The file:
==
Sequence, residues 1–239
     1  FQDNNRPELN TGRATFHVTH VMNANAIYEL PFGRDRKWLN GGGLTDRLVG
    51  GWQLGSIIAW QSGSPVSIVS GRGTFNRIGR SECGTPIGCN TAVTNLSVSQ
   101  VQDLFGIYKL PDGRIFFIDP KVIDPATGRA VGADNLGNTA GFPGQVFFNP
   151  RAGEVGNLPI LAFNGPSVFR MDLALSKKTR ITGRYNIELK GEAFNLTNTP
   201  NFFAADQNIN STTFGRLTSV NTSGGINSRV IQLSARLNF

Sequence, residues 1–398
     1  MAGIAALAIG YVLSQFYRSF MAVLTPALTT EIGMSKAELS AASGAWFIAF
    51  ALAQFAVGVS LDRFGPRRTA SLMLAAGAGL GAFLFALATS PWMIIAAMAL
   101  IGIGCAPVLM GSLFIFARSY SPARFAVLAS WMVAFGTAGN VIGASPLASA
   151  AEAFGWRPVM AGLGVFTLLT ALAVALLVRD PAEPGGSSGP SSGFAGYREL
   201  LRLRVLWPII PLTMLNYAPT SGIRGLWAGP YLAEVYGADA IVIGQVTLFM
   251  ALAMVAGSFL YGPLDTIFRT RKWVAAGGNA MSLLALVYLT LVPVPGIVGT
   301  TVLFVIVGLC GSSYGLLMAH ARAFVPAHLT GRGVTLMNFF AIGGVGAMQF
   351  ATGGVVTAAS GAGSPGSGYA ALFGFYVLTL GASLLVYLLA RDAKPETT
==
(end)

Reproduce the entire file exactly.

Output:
Sequence, residues 1–239
     1  FQDNNRPELN TGRATFHVTH VMNANAIYEL PFGRDRKWLN GGGLTDRLVG
    51  GWQLGSIIAW QSGSPVSIVS GRGTFNRIGR SECGTPIGCN TAVTNLSVSQ
   101  VQDLFGIYKL PDGRIFFIDP KVIDPATGRA VGADNLGNTA GFPGQVFFNP
   151  RAGEVGNLPI LAFNGPSVFR MDLALSKKTR ITGRYNIELK GEAFNLTNTP
   201  NFFAADQNIN STTFGRLTSV NTSGGINSRV IQLSARLNF

Sequence, residues 1–398
     1  MAGIAALAIG YVLSQFYRSF MAVLTPALTT EIGMSKAELS AASGAWFIAF
    51  ALAQFAVGVS LDRFGPRRTA SLMLAAGAGL GAFLFALATS PWMIIAAMAL
   101  IGIGCAPVLM GSLFIFARSY SPARFAVLAS WMVAFGTAGN VIGASPLASA
   151  AEAFGWRPVM AGLGVFTLLT ALAVALLVRD PAEPGGSSGP SSGFAGYREL
   201  LRLRVLWPII PLTMLNYAPT SGIRGLWAGP YLAEVYGADA IVIGQVTLFM
   251  ALAMVAGSFL YGPLDTIFRT RKWVAAGGNA MSLLALVYLT LVPVPGIVGT
   301  TVLFVIVGLC GSSYGLLMAH ARAFVPAHLT GRGVTLMNFF AIGGVGAMQF
   351  ATGGVVTAAS GAGSPGSGYA ALFGFYVLTL GASLLVYLLA RDAKPETT